The question of whether or not the tongue is the strongest muscle in the human body is something I remember hearing as far back as I can remember. I especially remember us kids talking about it when I was a young lad in school. But is there any truth to this fascinating subject?
Where did the “Strong Tongue” theory start?
I don’t believe the myth stating the tongue is the strongest muscle in the body actually has a solid starting point. I do however believe this myth may have arisen due to the large amounts of work our tongues do on any given day.
The tongue is instinctively at work during eating, speaking and any number of daily tasks we don’t even consider. Just sitting here I am realizing my tongue rarely sits still for any considerable length of time. So makes sense the tongue could be the strongest muscle in the human body, even though you’re not normally working it out at the gym…lol
Even given the constant work the tongue does at a constant rate, it’s still hard to believe this could be our strongest muscle…there are much more important tasks in life to use muscles for besides talking and eating, right?
What is the Strongest Muscle in the Human Body?
So if it’s not the tongue that is our strongest muscle, then which one is it?
In order to consider what our “strongest muscle” is, we have to look at leverage. By leverage I’m talking about how muscles work in relation to bone. This would be the amount of measurable force a muscle can place on an external object.
We use tons of force when chewing our food, the human jaw is capable of chewing even things we probably shouldn’t. We talked a little bit about this in my post Did You Know Chewing Ice is Bad for Your Teeth. In the next section we’ll discuss the massive jaw muscles we all possess.
The Strength of the Masseter Muscle
Taking this into consideration, then most would consider the masseter, or jaw muscle, to be the winner. We actually have two masseter muscles, one on each side of our jaw. The masseter muscle has one great advantage over many of our other muscles due to working in sync with our jaw bone.
The masseter muscles use the jaw bone as very powerful levers, allowing it to exert great amounts of force. It has been recorded as delivering a bite force of 975 pounds (442 kg) of force for 2 seconds. This was actually recorded in the Guinness Book of World Records.
Strongest Muscles in the Human Body
If we were to remove the concept of leverage from the equation, then what other muscles are in the human body possessing great strength?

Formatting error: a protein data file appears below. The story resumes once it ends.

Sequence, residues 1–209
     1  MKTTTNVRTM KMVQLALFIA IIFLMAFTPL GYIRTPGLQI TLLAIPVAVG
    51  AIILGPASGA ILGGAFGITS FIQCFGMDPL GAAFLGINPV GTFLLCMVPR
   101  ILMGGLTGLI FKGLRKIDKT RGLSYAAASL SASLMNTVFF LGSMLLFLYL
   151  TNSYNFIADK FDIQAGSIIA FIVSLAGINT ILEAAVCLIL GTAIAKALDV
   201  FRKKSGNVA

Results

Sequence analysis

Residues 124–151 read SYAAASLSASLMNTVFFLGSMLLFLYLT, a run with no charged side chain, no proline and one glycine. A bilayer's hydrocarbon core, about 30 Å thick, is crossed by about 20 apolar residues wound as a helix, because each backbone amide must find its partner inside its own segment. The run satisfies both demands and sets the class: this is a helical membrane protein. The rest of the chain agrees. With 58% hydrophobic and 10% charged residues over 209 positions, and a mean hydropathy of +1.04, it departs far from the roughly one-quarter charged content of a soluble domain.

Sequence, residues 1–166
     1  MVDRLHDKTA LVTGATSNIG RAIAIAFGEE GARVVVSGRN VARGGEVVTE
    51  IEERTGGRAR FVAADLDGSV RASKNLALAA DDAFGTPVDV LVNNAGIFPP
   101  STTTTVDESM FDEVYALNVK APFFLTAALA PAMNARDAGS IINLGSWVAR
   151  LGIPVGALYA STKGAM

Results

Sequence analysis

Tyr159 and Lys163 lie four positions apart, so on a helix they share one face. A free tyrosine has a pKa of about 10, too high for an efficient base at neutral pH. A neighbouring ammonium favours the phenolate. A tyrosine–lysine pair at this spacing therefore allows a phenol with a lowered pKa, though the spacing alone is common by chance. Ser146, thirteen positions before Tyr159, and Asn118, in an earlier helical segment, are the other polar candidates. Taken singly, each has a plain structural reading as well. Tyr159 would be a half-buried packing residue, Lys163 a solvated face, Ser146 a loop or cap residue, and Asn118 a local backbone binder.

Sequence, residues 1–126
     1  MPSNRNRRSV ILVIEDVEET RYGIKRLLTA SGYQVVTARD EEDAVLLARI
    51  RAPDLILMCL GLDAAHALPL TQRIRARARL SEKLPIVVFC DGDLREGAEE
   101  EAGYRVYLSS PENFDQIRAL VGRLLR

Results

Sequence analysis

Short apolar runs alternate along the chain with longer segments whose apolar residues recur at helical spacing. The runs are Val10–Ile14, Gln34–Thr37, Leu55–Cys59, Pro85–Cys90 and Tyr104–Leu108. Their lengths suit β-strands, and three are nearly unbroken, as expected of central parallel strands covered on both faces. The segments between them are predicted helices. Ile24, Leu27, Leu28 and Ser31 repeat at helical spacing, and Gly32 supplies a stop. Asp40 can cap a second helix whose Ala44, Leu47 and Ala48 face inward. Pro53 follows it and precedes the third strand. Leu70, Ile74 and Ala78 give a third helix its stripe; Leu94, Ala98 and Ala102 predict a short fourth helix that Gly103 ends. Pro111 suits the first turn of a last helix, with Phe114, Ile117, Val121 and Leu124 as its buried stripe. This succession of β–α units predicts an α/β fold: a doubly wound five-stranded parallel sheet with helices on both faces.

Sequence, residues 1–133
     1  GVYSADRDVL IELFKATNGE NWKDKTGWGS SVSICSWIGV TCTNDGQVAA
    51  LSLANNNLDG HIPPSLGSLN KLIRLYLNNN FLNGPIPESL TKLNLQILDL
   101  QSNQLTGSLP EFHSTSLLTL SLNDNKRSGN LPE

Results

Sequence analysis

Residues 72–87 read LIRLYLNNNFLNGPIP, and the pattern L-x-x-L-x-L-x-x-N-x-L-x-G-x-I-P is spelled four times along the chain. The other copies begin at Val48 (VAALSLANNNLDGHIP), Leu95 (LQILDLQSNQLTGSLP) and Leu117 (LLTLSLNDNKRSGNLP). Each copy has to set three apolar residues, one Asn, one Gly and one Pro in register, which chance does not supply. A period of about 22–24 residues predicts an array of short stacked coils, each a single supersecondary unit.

Without the advantage of using bone for leverage, you would have to look at muscle size. So logically our strongest muscles would be our biggest one. Generally speaking, most all of our muscle fibers are of the same general strength. That being said, muscles containing more fibers are naturally the stronger ones.
These larger muscles types for example would be the quadriceps, which are the muscles on the front of your thighs. The gluteus maximus, or buttocks, are generally also very strong muscles.
The Measurement of Muscle Strength
There are many ways that strength may be defined. Pound for pound, the shorter muscles tend to be stronger than longer ones. This may surprise you for all those that believe the tongue is the strongest muscle in the human body. But, relative to its weight, the myometrial layer of the uterus is actually the strongest muscle.
The entire uterus only weighs around 2.2 pounds (1 kg), but during childbirth, can exert as much as 100 pounds of force (a tad more than 45 kg).
What About the Heart being Our Strongest Muscle
I have also heard many times that the heart muscle is the strongest muscle in the body. So what gives?
The heart actually does more work over a lifetime than any other muscle in the human body. Most of the muscles in our body will go through workout then rest periods constantly throughout the day. But the heart just keeps on pumping and working hard non-stop our entire lives.
Without the heart, we would cease to exist obviously… So if you want to look at “strongest” in a way of importance, then I would say the heart is definitely the most important muscle by far.
So after much debate and deliberation, is the tongue the strongest muscle in the human body?
There are many factors such as leverage, work load, muscle fiber density etc. that we consider in determining the answer to this age long question. But all things considered, it looks like the good ole tongue is not going to be the winner. But boy I’m sure glad we have it…food would be very boring without it!